Ancient Egyptian papyrus contains earliest record of 'demon star'
It's 92.25 light-years away, and they still spotted it.
Scientists studying a 3,200 year-old papyrus document from ancient Egypt think they've found the earliest record of the variable star Algol - a three-star system that's some 92.25 light-years away from Earth. It appears that not only could the Egyptians see the star without the aid of a telescope, its cycle influenced their religious calendars.
Mummy Unwrapping Results in a Dusty End
It could be the stuff of horror movies - an Egyptian mummy, preserved for over 2,500 years, meets an untimely fate at the hands of the protagonists. Except in this case, the mummy in question was not about to reek havoc on unsuspecting bystanders. It was however unlucky enough to have been unearthed in the nineteenth century and subjected to the common practice of investigation by unwrapping:
The Truth in the Search for Nefertiti
In a very flawed article from the Archaeology News Network, the former head of Egypt's Supreme Council of Antiquities, Dr. Zahi Hawass disputes Egyptologist Nicholas Reeves theory that the tomb of Nefertiti will be found behind the painted walls of Tutankhamun's tomb, in particular the north and west walls. Part of Dr.Hawass's concern is for the preservation of the paintings which would have to be removed.
More than 2,000 years ago, the city of Naukratis was a major Greek trading port on a branch of the Nile River. Archaeologists had thought that they had found everything there was to find in the ruins of this ancient city. But a new excavation by the British Museum has turned up thousands of new artifacts and revealed an even bigger, bustling city, of "tower houses" that stood three to six stories tall.
Naukratis was "a mud-brick Manhattan" with a population of around 16,000, the project's leader told the Guardian
Egyptian Statues Revealed in Ancient Shrines
Six rock cut statues have been discovered within 18th Dynasty shrines in Egypt, Antiquities Minister Mamdouh el-Damaty announced.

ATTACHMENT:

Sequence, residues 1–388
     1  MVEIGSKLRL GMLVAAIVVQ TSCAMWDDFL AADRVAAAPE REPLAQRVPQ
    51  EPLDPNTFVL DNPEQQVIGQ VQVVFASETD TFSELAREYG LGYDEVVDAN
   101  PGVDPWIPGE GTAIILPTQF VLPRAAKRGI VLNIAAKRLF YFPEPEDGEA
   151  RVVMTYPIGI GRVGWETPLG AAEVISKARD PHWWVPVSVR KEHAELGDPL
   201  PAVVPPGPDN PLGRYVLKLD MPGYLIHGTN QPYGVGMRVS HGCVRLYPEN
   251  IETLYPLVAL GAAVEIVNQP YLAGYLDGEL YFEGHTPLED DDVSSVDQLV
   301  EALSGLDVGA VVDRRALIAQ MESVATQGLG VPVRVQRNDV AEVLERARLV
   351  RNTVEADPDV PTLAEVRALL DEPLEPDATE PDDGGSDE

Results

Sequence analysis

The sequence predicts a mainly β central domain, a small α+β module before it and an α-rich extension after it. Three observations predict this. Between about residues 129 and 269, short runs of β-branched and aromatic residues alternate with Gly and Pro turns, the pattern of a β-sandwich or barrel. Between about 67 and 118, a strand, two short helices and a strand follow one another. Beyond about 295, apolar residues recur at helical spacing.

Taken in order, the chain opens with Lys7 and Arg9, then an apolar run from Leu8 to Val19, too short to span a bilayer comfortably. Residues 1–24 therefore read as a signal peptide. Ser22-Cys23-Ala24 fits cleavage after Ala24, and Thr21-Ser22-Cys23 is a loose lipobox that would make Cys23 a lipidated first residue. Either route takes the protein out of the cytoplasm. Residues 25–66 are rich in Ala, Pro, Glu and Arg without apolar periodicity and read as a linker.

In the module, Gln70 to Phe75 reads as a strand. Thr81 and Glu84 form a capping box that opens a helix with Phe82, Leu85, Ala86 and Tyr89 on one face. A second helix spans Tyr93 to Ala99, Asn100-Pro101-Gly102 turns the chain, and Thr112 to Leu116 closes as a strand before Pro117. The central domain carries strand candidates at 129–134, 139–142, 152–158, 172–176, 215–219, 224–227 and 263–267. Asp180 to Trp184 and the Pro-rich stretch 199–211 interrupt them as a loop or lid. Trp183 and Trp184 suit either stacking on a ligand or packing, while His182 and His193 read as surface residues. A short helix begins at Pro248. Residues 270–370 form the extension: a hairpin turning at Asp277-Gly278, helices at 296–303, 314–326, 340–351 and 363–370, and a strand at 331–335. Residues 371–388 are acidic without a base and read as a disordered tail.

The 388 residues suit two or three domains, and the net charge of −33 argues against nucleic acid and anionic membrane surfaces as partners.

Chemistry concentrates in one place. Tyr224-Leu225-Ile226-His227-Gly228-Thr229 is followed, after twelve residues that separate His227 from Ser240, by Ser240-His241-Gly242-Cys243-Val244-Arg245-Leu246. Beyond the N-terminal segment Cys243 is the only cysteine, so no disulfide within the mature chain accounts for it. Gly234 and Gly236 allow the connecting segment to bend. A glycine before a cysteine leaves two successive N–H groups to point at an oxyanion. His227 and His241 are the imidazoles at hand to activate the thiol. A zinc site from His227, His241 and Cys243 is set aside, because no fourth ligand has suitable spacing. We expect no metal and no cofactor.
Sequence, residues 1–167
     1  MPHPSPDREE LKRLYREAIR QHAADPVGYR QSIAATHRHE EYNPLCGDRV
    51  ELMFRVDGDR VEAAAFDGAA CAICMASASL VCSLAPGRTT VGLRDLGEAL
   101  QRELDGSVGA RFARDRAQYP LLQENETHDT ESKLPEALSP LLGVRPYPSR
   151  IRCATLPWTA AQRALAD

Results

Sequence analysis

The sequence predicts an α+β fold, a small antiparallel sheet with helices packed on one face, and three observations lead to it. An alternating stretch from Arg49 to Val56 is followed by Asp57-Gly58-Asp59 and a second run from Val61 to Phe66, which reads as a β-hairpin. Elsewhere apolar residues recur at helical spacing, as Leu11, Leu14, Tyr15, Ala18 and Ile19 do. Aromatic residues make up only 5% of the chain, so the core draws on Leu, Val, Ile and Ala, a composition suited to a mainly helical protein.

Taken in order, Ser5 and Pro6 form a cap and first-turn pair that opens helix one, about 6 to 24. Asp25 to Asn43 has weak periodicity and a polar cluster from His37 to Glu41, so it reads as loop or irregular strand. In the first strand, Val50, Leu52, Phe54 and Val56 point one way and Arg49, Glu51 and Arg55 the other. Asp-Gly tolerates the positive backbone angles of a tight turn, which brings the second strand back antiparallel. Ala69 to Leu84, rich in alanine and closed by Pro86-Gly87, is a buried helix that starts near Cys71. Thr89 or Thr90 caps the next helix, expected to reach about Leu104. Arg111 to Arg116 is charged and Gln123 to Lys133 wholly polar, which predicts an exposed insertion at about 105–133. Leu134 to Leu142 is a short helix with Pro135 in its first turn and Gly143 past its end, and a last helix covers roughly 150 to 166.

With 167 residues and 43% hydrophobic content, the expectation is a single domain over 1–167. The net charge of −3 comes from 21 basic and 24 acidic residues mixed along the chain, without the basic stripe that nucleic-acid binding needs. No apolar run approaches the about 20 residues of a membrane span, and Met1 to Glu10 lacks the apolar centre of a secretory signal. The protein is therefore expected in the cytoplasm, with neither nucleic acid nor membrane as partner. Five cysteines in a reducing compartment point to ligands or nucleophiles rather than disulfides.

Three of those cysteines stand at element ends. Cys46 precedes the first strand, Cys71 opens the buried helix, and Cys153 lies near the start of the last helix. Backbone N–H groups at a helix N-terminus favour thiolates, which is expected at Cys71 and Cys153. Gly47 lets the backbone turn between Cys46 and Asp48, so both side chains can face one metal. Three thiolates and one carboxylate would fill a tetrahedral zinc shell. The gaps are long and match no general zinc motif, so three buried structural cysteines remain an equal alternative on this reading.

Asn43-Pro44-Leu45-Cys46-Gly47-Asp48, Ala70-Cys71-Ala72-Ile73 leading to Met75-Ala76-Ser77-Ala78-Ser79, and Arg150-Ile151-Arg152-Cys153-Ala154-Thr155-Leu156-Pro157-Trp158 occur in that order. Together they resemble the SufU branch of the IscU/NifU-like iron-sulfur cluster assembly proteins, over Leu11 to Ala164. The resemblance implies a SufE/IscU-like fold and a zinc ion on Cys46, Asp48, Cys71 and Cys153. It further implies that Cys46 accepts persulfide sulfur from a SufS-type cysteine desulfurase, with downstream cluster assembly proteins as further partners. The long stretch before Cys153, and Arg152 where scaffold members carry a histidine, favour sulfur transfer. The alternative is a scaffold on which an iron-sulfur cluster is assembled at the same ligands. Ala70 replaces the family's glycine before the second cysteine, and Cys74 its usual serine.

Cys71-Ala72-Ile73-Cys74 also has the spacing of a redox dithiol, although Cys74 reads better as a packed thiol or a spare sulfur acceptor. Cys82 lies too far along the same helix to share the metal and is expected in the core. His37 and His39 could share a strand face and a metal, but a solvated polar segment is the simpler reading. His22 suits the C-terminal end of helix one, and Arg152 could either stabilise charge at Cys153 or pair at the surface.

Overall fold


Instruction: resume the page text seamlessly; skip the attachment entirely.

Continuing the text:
The 3,400-year-old statues were found at Gebel el Sisila, a site north of Aswan known for its stone quarries on both sides of the Nile. Blocks used in building almost all of ancient Egypt's great temples were cut from there.
Tech Wizardry Solves Mysteries of Egypt’s Royal Mummies
ROUGHLY 400 MILES from the Great Pyramids, ancient pharaohs of the New Kingdom lay at rest in the Valley of Kings. Nondescript chambers built into the valley’s dusty hills hold royal remains, buried between 1550 and 1070 BC. The crypts were designed to deter robbers, and for the most part, they worked—which makes it difficult for today’s archaeologists to find them and identify their inhabitants.
The Palermo Stone: Key to Old Kingdom Egypt Royal Families
The Palermo Stone is the most famous piece of seven known fragments of what must have been an enormous basalt stele called (by scholars) "The Royal Annals of Ancient Egypt". The Royal Annals stele was probably carved during the early Fifth Dynasty of the Old Kingdom, Egypt, between about 2450-2300 BC.
King Amenhotep III statue accidently recovered in Edfu
A black granite statue of King Amenhotep III was found by chance in a residential house in Al-Nakhl village in Edfu, Aswan.
Good on them: ISIS Books and Gifts changes its sign but not its name
ISIS Books & Gifts isn't changing its name, but the owners of the Englewood bookstore are updating the logo and signage.